There’s something to be said about owning a product’s vision and quality from the very inception to its launch. There are many stages of product development, particularly those that involve hardware, and one thing that seems to be a glaring oversight that has become a slight trend is the integration of hardware and software. In a nutshell of a nutshell you can simply think of a basic computer as having 4 layers. The bottom being the hardware itself including the processor, memory, input devices, etc. After that you have the operating system, traditionally PCs will be running Windows, Macs run OS X, iOS for Apple mobile devices, and Android for a slew of Android hardware manufacturers. Following the OS we have applications that are made for the specific operating system, these are the ones that users are familiar with from word processors, to email clients, to Snapchat, to Photoshop. And finally, there is the user layer, or User Interface, where the application receives input.
If you start to think about how each of these layers work you can easily draw a line from the user interface to the application. Application developers create a user interface that the user will understand, but more importantly, the inputs from that user interface will be easily understood by the application because it was developed together. Let’s then draw a line from the application layer to the operating system. Using Photoshop as an example, Adobe will write a version of their application that can be understood by the Windows operating system as well as a version that can be understood by the OS X operating system. Each operating system has extensive documentation, development best practices, and very good tools to optimize an application for a specific operating system. It is when we try to draw one more line to get down to the hardware level that there is a bit of trouble.
Granted I over-simplified exactly how operating systems work when originally conceptualizing these layers, but there is actually a layer between the operating system and the hardware that is more prevalent on Windows machines than on Apple machines, and that is where device drivers live. Device drivers for PC hardware are released by the hardware manufacturer to do just what the name says, drive the hardware. The Windows operating system relies on these 3rd party manufacturers to create hardware and provide device drivers in order to run. Therein lies a gap in which it becomes very difficult to truly own this product’s vision and quality from start to finish. Apple on the other hand manufactures their own hardware and operating system, and maintains the latest versions of all hardware drivers, all optimized for the hardware that they are very intimately familiar with.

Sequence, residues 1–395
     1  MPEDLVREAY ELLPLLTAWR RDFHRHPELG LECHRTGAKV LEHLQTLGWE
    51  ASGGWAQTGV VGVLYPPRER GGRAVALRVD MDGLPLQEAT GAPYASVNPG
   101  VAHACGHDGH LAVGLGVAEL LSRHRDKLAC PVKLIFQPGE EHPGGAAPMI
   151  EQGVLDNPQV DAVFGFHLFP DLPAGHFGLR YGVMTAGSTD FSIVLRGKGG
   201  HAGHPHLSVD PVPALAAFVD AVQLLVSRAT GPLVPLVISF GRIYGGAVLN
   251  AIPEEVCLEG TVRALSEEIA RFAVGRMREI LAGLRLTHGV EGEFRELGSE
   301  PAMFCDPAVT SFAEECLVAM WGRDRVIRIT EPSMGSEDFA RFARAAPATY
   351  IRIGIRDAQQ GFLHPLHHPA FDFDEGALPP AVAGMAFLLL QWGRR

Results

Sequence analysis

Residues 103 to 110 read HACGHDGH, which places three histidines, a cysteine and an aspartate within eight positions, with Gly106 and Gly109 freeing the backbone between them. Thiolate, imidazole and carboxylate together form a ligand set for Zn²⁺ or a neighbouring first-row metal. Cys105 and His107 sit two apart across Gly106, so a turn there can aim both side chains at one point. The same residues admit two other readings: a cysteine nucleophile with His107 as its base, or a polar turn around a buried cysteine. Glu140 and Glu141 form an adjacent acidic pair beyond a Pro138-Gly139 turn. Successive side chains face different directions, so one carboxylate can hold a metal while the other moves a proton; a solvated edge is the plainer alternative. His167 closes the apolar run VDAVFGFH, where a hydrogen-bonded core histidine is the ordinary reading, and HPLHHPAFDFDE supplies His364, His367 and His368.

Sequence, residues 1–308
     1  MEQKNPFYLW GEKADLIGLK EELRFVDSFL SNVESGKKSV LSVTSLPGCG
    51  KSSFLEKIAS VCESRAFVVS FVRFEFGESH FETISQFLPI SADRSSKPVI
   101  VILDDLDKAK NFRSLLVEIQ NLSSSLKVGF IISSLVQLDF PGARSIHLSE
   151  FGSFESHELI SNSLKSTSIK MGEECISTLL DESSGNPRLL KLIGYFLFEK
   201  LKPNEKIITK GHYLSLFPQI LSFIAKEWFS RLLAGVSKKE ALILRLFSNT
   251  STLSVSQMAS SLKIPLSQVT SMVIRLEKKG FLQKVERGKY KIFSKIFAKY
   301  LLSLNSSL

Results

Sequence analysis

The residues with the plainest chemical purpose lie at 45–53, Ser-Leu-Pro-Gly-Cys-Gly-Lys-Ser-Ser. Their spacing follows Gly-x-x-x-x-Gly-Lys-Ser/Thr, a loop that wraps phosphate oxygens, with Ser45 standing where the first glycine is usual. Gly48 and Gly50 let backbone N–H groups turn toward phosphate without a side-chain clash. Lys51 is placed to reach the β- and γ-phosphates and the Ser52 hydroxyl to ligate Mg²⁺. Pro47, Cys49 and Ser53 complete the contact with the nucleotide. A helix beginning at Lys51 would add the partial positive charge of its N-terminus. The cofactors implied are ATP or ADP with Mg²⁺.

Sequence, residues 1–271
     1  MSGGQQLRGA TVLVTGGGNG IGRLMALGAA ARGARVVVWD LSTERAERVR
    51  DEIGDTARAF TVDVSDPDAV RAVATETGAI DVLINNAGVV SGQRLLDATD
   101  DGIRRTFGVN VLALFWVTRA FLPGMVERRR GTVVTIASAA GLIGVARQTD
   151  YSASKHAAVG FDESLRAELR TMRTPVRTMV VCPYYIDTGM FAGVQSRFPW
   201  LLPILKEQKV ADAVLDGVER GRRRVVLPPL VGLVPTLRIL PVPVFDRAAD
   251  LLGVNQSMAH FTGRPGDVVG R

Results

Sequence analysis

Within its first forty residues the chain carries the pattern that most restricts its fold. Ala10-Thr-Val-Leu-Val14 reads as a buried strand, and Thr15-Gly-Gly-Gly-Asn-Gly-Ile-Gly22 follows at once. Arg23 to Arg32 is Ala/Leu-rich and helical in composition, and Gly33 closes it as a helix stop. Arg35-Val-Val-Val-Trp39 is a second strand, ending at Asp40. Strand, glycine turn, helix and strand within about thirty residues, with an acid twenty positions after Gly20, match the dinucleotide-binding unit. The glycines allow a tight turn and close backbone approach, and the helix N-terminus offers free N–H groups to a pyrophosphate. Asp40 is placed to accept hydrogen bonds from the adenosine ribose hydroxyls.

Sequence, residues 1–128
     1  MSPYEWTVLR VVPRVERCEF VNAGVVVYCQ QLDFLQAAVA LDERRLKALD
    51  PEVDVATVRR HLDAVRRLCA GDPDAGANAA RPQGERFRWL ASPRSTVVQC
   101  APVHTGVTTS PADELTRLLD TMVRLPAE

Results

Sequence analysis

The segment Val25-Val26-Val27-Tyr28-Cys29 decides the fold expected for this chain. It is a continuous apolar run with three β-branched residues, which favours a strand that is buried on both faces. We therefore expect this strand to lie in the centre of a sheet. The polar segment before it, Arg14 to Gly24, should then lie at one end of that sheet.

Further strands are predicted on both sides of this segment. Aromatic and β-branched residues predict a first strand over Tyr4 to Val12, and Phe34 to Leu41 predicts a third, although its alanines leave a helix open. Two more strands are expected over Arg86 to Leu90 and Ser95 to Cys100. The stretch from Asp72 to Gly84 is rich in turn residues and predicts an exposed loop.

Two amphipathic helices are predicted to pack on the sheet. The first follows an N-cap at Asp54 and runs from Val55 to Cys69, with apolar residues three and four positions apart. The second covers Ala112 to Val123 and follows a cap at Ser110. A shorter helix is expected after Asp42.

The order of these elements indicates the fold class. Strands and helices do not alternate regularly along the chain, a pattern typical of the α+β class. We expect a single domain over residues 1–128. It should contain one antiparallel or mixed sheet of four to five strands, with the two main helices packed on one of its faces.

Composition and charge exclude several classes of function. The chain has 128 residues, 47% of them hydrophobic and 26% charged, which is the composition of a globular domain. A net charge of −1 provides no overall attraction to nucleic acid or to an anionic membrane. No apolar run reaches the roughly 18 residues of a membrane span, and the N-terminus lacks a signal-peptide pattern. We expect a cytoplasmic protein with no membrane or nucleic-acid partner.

Now, there is an argument for how much of a difference this can provide and the benefits of this kind of optimization are very difficult to properly measure. But we need only to look at another industry in which the benefits of this integration is extremely apparent: video games. Third party video game developers that create cross-platform titles such as the Assassin’s Creed series or the recently released Watch Dogs are typically creating their games using game engines that support multiple operating systems and hardware (PS3, PS4, Xbox 360, Xbox One, Wii, Wii U, etc.). However, first-party studios, as well as exclusive studios such as Naughty Dog for Sony, create their titles specifically for one platform. This may carry a large amount of opinion and subjectivity, but at least to me it becomes very clear that Naughty Dog’s level of expertise with the PS3 platform (both hardware and software) allowed them to create a game, The Last of Us, that technically surpasses any other game of its generation both graphically and cinematically. While we’ll never know what the results would have been if it was a cross-platform title, I’m willing to bet that the integration of hardware and software had a huge benefits towards the final product that shipped.
Even more, first-party and exclusive titles are great examples of these “intangible” benefits and there has been a trend of companies that are now attempting to provide hardware and software integration. Microsoft, with their recently released Surface Pro 3, is essentially the device that Windows 8 was meant to be run on when you consider the significant touch-input integration at the OS-level. Similarly, Samsung has been rumored to release their own mobile operating system in order to be freed of their dependency on Android and have greater control over their entire product.
Having that level of control over the product down to how your hardware performs with the software is how you make the highest quality product possible. I’m not saying it’s impossible to do so without it, but it becomes very difficult to cross the threshold from great to fantastic.
Let's just pretend that I have proper "Copyright" on this stuff, but when it comes down to it, feel free to use this however you see fit.